Wednesday, November 15, 2006

Ready to scream

Mr. X was teaching a lesson today. He was talking about appositives, and a student gave a faulty example. I waited, thinking Mr. X would correct it. Instead, he wrote it on the overhead as an example for the rest of the class.

I waited until the students were writing, went up to him, and quietly, with my back to the class, pointed out that the example wasn't an appositive. He said it was. I pointed out that there were two adjectives, but no noun in the example. He said "Big-toothed" and "flabby" were nouns.

What. The. Hell.

He was also being observed by his supervisor from the university (Thank god. I am so glad I'm not the only one seeing this). I know she talked to him about it, but don't know exactly what was said.

When do you let a student teacher flail around and fall on his face, and when do you step in? And what do you do when you do step in, and that teacher refuses to acknowledge what you've said?

I'm not talking about later. Alone with him, I made it clear that he's a guest in my classroom, and that he needs to listen to me when I advise him on his lessons with my students. No, I'm talking about right in the moment. What do you all do? Of course, if someone was learning heart surgery, we would step in if we saw a mistake happening. But this isn't heart surgery. I'm sure I've made my share of bloopers and mistakes.

As I've said, he's very very young. I certainly would not want him teaching my son or daughter. Do I feel I have the knowledge to say he's not cut out to be a teacher? Perhaps. But that's not my call.

What do you do? Where's the line with a student teacher?


Mr. McNamar said...

You step in when the information is wrong! Thank you for saving the apositve, a wonderful sentence additive.

Anonymous said...

I sort of regret that I nterrupted my student teacher to correct her
(see my previous post's Of Mice and Men comment). If I had it
to do again, I would have let her do it, spoken to her privately, and
made sure she corrected it with the students the next day. It's a good way for the students to see their teacher as a human who makes errors,and it's a good model for admitting mistakes and moving on.

No one has to grovel. When I've made errors, discovered them, and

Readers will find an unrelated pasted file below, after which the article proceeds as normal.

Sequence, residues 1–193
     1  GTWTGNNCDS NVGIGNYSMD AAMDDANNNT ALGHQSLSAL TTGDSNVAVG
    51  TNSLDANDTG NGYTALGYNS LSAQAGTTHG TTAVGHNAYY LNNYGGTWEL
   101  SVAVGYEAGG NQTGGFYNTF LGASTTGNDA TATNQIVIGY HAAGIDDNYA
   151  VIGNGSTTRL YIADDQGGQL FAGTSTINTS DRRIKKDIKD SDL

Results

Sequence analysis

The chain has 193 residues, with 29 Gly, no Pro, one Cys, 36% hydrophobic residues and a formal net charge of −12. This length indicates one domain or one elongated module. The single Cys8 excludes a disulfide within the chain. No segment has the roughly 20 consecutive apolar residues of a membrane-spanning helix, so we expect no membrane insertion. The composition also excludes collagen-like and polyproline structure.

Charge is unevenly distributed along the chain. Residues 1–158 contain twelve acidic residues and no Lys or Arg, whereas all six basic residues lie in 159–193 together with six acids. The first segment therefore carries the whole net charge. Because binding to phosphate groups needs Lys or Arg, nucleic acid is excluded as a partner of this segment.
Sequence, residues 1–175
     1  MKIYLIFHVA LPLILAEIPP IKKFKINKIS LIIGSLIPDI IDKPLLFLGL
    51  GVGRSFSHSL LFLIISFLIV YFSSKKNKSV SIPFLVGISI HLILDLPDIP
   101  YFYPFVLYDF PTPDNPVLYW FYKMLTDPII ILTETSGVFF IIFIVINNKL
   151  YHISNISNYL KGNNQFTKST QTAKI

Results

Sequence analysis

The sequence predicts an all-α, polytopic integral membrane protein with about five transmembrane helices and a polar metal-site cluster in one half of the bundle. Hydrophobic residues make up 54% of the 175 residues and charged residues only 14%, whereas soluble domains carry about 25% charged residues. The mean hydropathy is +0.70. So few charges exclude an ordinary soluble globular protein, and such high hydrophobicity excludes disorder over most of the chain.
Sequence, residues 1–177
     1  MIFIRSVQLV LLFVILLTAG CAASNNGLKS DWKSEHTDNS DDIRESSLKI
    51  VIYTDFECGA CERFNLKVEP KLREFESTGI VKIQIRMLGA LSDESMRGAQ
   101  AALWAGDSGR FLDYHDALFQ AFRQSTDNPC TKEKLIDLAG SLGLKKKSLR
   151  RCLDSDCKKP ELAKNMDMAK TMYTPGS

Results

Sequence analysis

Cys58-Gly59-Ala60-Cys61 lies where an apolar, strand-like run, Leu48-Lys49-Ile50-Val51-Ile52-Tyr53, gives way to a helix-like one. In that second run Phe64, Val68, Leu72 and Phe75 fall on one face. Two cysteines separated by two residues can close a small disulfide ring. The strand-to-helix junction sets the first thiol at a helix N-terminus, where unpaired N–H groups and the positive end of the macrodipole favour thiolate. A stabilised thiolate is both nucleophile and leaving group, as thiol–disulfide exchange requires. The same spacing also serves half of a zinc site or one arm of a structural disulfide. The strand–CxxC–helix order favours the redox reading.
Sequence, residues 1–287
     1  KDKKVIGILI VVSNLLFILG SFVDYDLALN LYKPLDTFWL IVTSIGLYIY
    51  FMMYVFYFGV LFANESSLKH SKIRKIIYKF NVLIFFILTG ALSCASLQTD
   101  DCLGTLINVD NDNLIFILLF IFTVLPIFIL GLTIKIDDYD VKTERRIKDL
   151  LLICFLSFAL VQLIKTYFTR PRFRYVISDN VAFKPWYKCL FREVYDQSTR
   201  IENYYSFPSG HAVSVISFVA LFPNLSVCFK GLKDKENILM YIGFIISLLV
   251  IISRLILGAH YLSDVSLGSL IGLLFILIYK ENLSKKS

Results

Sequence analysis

corrected them, it's usually along the lines of, "Hey, folks, yesterday I told you this example was an appositive. Then I realized that it had no noun to go with it! Who will help make this correct so we can all be on the same page?" We correct it, I answer questions, and then we
move on.

I don't know what to tell you about your "What the hell?!" moment.

But I am interested in what you did!

"Ms. Cornelius" said...

Um, when he ignores your instruction?

It's no big deal to make a mistake. It is a big deal to refuse to admit it.

Happy Thanksgiving JHST!

Lynnie said...

I somehow tripped on this blog while searching for lesson ideas. I, too, am a junior high English teacher. I LOVE your observation of the student teacher. If only I'd been smart enough to blog my experience - maybe I would have been less stressed out each day. (I think I was motivated by the "free" graduate classes - which became like trying to use season passes to Disneyworld; only instead of blackout dates, you're "limited" to certain classes you're never going to take).

Look, it takes a brave teacher to allow "total takeover". We assume we're there to coach classroom management, not reteach content to the college educated. That kid will affect thousands of children, and if he's not set straight, he will proceed with a creative license to teach English incorrectly. Revoke the license!

Keep your chin up and fight the good fight!

elementaryhistoryteacher said...

I've handled the situation both ways....I've advised the ST in a manner that does not call attention to ourselves and I have done it afterwards so that the mistake can be cleared up the next time the class meets. So good I've had young men in my room who were open to criticism and knew they had made a mistake. I'm sure in your case I would have felt the same way. Some people simply won't let you help.